Google’s Nest Hub surveillance system is constantly looking for its owner’s face and technically can’t be shut off, raising privacy concerns and questions about data misuse by the company that brags it toes the “creepy line.”
The latest “smart-home” device from Mountain View comes equipped with a constantly-scanning facial-recognition-enabled camera that can’t be shut off, only ‘disabled’ with a switch that also (supposedly) deactivates the microphone. Just as the device is constantly listening for its “wake word,” it is prepared to leap into action at the sight of its owner’s visage.
The Nest Hub, as its name suggests, serves as a “hub” for other internet-of-things devices like thermostats, surveillance cameras, and doorbells – which also come equipped with facial recognition, in case the user misses that feeling of being constantly spied on when they finally come home after a long day of surveillance outside. It also uploads video from phone calls and camera footage accessed remotely into the cloud and provides a window into your home for anyone with access to your Google or Nest account.
Surely Google learned its lesson after its Google Home AI voice assistant was discovered to be feeding audio of users’ private moments to third-party contractors for “grading” purposes. The company couldn’t possibly make the mistake of allowing that scandal to repeat itself, this time with video.
Google admits it may “use your face data to test future features and recognition algorithms before pushing them to your device,” CNET reported on Monday, citing a statement from the company, which also claimed “no pixels leave the Nest Hub Max” – except when they’re “temporarily processed at Google from time to time to improve the quality of your experience with this device.”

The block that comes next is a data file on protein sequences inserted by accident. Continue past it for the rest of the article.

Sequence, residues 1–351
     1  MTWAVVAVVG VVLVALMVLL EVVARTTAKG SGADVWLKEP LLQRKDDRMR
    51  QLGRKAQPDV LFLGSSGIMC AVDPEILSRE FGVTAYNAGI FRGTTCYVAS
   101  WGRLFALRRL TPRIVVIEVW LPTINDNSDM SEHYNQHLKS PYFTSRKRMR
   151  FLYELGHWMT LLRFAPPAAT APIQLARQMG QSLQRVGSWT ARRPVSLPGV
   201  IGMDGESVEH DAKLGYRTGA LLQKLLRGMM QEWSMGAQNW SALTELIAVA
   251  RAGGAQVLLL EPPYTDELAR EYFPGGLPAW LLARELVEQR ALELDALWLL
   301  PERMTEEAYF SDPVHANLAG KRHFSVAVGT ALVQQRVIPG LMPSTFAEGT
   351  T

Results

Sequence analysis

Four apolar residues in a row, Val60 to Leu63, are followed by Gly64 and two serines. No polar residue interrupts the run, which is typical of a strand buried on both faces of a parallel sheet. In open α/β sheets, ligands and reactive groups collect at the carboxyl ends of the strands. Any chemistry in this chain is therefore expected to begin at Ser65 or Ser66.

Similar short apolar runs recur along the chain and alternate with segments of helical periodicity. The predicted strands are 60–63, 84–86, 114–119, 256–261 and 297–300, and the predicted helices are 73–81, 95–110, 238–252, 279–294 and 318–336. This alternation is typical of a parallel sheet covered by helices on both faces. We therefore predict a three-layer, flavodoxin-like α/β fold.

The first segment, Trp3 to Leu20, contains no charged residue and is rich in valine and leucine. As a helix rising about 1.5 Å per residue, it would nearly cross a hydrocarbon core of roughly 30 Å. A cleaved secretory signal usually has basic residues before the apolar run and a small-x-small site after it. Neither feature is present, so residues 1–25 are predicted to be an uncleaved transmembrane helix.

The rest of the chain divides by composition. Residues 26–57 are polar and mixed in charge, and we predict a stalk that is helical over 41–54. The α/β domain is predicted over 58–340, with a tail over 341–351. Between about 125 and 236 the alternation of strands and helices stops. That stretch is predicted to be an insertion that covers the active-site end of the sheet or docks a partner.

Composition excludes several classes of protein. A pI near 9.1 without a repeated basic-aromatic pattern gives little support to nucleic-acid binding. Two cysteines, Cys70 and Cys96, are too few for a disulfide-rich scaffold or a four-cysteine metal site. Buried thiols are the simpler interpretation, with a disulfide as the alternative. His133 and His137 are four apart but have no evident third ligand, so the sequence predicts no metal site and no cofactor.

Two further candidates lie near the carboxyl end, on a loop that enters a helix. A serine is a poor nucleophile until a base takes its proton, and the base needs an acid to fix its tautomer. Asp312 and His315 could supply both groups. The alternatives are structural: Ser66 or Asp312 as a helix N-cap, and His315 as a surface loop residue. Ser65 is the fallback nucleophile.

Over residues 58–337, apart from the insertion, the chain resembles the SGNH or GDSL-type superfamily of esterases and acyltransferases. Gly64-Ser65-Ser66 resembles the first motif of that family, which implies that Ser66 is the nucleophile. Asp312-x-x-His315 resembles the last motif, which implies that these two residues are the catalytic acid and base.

Google will “occasionally use the images you provide during setup to generate a face model in the cloud for a couple of reasons” related to “improving product experience” and “motivated by the fact that we have more computing power available in the cloud,” a company spokesperson told the outlet.
The doublespeak echoes excuses Google made for sharing Home audio snippets, like claiming the use of “language experts” was “necessary to creating products like the Google Assistant.” Unlike Google Home, which neglected to inform the users of that key fact until after it was discovered by a Belgian broadcaster, Nest Hub informs users they’re being surveilled and tracked right up front, when they set up “Face Match.”
A home surveillance system with facial recognition capabilities, capable of detecting the user’s emotions and remotely accessible – what could possibly go wrong? If nothing else, it should inspire a generation of horror filmmakers.